Llewellyn Hall, 7 December
Reviewed by Len Power
The final concert of Canberra Youth Orchestra’s 2019 concert series had everything you could ask for at Christmas - four varied and fascinating works, two fine conductors and a performance by an extraordinary young man on violin, Christian Li.
The concert commenced with “Romanian Rhapsody No. 2” by George Enescu. Regarded by many as Romania’s most important and influential musician, Enescu composed his two Romanian Rhapsodies in 1901.
His second rhapsody is a beautifully melodic work with moments of quiet reflection that contrast with unexpectedly dramatic sections. A lyrical dance leads to a haunting and delicate finale. The orchestra under Max McBride started a little uncertainly but quickly gathered strength, giving a pleasing performance overall.
|Canberra Youth Orchestra with Max McBride conducting|
The second work, “The Perfect Fool” by Gustav Holst was, like his more famous “The Planets”, a highly visual work which was originally written for an opera called “The Perfect Fool” which was first performed in London in 1923.
As a suite of three dances this work has had a life beyond the little known opera. Under Max McBride’s baton, the orchestra played with notable clarity, bringing out all the colour and spectacle of this enjoyable work.
|Christian Li with Rowan Harvey-Martin conducting|
After interval, conductor Rowan Harvey-Martin led the orchestra with “Walk to the Paradise Garden” by Frederick Delius. Also derived from a now rarely performed opera from 1907, “A Village Romeo and Juliet”, this work was composed as an orchestral interlude to be played between scenes.
In keeping with the opera’s farmland setting and characters, the music has a lyrical, bucolic atmosphere but with unsettling dramatic undercurrents. It was nicely played by the orchestra.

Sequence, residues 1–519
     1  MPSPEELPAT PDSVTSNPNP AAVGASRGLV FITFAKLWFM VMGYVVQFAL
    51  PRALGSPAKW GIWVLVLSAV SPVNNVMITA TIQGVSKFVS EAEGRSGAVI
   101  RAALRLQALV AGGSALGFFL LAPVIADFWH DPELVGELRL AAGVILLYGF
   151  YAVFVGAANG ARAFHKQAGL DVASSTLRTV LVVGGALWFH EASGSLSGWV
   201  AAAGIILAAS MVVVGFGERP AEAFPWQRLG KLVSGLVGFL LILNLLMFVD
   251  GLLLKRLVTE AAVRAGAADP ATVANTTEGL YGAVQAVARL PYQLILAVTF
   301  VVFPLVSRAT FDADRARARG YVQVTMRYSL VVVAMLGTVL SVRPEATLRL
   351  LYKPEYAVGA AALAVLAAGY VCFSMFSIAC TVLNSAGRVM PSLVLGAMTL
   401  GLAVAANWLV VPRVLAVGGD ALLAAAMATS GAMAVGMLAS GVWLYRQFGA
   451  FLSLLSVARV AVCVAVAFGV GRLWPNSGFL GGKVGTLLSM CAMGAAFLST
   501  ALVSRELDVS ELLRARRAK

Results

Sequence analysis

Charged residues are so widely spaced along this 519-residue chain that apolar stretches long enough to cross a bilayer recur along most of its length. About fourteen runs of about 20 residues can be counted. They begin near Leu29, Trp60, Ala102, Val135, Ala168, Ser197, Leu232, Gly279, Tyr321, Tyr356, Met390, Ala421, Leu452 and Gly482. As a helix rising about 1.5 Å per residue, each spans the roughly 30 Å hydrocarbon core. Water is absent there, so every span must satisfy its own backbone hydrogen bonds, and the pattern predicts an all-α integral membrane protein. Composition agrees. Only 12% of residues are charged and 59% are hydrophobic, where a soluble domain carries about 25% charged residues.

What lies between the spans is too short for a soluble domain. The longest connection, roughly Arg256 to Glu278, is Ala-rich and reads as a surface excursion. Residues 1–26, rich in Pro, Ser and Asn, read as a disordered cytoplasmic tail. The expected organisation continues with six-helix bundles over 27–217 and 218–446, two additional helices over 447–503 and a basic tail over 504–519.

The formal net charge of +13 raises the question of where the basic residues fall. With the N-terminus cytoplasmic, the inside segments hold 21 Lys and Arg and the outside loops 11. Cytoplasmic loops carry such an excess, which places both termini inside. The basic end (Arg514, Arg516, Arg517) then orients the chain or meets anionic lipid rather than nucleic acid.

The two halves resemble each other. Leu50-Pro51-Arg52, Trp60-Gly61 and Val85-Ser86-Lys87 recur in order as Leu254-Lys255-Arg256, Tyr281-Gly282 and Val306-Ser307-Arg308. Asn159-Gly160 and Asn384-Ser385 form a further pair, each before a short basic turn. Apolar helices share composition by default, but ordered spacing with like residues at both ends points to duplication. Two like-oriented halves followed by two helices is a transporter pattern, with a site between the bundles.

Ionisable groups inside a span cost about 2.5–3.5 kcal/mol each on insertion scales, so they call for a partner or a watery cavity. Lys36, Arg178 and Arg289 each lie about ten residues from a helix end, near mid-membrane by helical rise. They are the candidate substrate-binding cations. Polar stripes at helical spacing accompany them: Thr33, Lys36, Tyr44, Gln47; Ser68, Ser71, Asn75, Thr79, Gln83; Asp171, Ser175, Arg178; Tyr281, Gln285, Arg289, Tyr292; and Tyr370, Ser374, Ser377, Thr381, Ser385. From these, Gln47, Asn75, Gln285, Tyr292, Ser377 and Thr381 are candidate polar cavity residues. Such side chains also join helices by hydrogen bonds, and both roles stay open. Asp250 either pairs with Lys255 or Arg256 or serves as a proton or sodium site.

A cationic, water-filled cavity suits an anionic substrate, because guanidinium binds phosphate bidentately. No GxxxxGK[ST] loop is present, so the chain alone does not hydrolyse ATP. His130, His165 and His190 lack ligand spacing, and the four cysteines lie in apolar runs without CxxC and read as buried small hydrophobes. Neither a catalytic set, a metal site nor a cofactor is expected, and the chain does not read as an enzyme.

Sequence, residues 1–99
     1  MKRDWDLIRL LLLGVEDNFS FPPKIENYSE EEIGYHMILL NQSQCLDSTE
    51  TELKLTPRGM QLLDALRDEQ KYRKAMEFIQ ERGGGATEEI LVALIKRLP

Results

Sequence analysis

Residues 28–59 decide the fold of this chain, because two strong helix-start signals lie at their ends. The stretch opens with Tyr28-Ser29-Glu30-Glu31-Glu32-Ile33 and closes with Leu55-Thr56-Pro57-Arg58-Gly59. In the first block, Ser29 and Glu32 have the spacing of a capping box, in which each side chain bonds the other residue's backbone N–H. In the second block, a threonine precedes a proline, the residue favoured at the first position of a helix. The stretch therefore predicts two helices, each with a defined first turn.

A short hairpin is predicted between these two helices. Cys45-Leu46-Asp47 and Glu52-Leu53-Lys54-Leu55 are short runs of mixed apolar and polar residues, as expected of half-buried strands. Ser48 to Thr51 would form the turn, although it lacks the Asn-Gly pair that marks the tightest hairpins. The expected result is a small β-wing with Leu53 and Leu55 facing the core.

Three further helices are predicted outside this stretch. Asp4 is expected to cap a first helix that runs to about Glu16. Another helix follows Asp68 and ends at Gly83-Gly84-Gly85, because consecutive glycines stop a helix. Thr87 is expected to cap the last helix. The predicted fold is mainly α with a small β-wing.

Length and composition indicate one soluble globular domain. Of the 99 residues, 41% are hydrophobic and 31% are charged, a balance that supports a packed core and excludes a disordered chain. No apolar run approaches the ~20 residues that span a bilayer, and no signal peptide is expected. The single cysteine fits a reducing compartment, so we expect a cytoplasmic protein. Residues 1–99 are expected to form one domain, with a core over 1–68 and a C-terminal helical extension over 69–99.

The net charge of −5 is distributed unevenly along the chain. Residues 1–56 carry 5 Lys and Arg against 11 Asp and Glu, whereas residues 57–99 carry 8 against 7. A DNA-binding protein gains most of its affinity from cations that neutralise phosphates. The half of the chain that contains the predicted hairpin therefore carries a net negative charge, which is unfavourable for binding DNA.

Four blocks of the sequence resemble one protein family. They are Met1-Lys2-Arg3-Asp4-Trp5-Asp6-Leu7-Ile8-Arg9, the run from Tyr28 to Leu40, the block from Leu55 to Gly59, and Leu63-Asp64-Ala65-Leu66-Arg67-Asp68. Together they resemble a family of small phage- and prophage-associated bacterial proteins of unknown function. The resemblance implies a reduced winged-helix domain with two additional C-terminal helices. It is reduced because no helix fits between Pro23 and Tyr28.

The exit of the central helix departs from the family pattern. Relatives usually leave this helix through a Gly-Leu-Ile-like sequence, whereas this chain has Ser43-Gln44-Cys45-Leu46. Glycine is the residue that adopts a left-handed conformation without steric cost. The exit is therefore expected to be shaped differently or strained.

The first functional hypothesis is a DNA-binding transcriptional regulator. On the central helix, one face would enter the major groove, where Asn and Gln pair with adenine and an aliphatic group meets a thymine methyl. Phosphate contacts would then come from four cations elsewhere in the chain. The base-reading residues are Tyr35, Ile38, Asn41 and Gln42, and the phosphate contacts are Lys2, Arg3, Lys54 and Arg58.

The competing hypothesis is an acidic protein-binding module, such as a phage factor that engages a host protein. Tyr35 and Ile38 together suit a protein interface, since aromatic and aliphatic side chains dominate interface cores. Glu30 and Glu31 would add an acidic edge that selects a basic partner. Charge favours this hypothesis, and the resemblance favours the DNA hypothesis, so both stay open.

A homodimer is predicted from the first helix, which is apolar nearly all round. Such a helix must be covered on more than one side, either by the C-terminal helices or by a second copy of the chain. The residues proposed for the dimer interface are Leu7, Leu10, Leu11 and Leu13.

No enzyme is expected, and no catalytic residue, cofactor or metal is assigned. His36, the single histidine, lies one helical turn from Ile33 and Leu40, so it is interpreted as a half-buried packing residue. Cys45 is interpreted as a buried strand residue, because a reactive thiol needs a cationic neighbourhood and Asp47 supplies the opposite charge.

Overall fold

The final work of the evening was the very well-known “Violin Concerto No. 1 in G Minor”, composed by Max Bruch in 1868. Violin soloist, Christian Li, joined the orchestra for the performance of this work which was also conducted by Rowan Harvey-Martin.
Christian Li is 12 years old and has won a number of international music prizes already. He was the youngest ever joint Junior 1st Prize-winner of the Yehudi Menuhin International Violin Competition in Geneva in 2018.
His playing of the Bruch concerto was simply amazing. He not only played with great technical accuracy but achieved a depth of emotion that was unexpected in someone of his age. The orchestra accompanied him very well, especially in the rousing third and final movement.
Standing ovations have become rather over-used these days but in this case it was highly deserved, not just because of Li’s age but because of the exceptional skill and maturity he displayed with his playing.
Photos by Peter Hislop
This review was first published in the Canberra City News digital edition of 8 December 2019
Len Power’s reviews are also broadcast on the Artsound FM 92.7 ‘In the Foyer’ program on Mondays and Wednesdays at 3.30pm.